On Wednesday, a group of us were able to meet with Peter Turner, the owner of Illegal Pete’s. The event was level headed and filled with rational discourse about concerns around the name of the restaurant. It was covered, later that day by the Coloradoan. And while I appreciate the media coverage, the article does not portray the even keeled nature of the meeting and quoted me without a lot of context to clarify my meaning. The article has since gotten radio coverage, additional news articles here, here, here, and here, an editorial response here, Reddit discussion here, was on the Drudge Report, etc. (I am probably missing additional media coverage.)
To be clear, I stand behind sentence I am quoted as saying in the meeting: “This is a place that’s going to instill violence in our community.” In the meeting I discussed that there are forms of symbolic violence and physical violence; I believe Illegal Pete’s will foster both (based on the violent rhetoric in the comments supporting the company, I frankly see this violence already at work.) What’s missing however is the explanation of how the word “Illegal” is not simply a word about the immigration status of an individual. In many contexts today, it is a label that we place on Latinos wholesale. Many people in the meeting voiced the fact that they were born and raised in Colorado or other parts of the U.S. and have been verbally attacked and berated–violent language–telling them to ‘go back where they came from,’ that they are illegal, that they are different from other citizens in the country. Based on skin tone or language practices, Latinos are perpetually treated differently. To be clear (this is something that is not understood by many of the negative commenters I’ve heard from), this does not have anything to do with one’s legal status in the United States; Latinos are regularly labeled as illegal.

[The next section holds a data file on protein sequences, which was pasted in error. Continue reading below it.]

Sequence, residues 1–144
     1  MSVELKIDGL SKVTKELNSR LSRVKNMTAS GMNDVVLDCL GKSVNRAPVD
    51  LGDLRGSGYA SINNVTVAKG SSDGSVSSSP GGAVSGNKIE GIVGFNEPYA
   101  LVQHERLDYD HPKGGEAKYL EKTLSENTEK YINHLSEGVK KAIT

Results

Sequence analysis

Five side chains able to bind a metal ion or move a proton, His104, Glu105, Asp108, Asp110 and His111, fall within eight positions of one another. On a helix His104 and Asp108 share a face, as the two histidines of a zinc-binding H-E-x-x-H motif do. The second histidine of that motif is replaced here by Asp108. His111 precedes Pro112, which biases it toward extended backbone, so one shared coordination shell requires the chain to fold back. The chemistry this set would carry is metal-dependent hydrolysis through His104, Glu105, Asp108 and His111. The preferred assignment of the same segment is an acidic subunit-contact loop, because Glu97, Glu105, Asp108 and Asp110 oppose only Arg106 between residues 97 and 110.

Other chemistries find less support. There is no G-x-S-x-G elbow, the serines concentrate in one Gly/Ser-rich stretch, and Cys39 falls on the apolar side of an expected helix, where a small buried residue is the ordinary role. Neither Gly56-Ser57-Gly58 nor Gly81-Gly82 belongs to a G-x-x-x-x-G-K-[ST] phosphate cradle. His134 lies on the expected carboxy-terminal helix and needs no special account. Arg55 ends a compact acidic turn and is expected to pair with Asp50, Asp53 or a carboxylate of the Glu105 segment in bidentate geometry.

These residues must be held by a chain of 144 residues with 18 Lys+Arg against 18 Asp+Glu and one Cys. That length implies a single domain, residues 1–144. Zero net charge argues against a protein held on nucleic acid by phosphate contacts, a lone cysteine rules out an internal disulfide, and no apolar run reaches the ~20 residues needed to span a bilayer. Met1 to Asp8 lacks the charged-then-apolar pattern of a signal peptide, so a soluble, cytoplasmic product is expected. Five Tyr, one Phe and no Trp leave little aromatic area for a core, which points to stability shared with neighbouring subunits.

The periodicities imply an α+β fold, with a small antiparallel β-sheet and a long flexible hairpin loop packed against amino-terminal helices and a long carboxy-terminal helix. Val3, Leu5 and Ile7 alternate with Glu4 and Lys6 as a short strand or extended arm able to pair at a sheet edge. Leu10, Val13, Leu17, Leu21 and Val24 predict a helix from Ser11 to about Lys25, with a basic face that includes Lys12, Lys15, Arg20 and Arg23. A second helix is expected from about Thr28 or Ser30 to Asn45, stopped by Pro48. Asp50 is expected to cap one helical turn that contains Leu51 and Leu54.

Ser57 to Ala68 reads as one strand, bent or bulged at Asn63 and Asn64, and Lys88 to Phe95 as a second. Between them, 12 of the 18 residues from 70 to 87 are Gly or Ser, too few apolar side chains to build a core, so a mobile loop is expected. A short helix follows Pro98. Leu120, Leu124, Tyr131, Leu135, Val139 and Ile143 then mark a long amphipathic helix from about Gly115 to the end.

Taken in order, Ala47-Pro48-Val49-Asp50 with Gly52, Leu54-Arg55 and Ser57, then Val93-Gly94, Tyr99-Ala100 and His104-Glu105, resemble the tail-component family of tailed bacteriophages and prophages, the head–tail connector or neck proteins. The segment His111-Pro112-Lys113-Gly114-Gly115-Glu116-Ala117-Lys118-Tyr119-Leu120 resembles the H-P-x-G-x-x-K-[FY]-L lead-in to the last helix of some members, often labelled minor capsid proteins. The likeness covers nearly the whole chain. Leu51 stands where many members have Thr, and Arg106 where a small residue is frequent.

In this context, I shared with Pete at the meeting that his restaurant’s name continues a legacy of hate speech and violence that is worsening in the current sociopolitical climate. We need to reconsider the “I-word” in general. A colleague shared this video in my Facebook feed, which I find illustrative:
Considering the ways hateful speech is statistically tied to violence, I would label Illegal Pete’s as a place that perpetuates a culture of white supremacy and, as a result, “instill[s] violence” in my community.
People have argued that I am unable to interpret that the word “illegal” is being used in a different way – that it is from a book, is about counter culture, etc. Again, it doesn’t matter how Pete Turner intended the name to be understood. It does not matter that some people see the name as harmless. The legacy of racism means it is an injurious name for an entire (and growing) sector of Americans.
This is not about whining or complaining. It is about refusing to accept hurtful, violent language in the context of society in 2014. In regards to this, there is a concern that Fort Collins residents are simply unable to decipher the difference between how Pete uses the word “Illegal” and how it is interpreted with regards to immigration. It is my belief that a Mexican-influenced restaurant with a person’s name and the adjective “Illegal” can convey little else but the current issue at hand As such, I continue advocating for the business to change its name.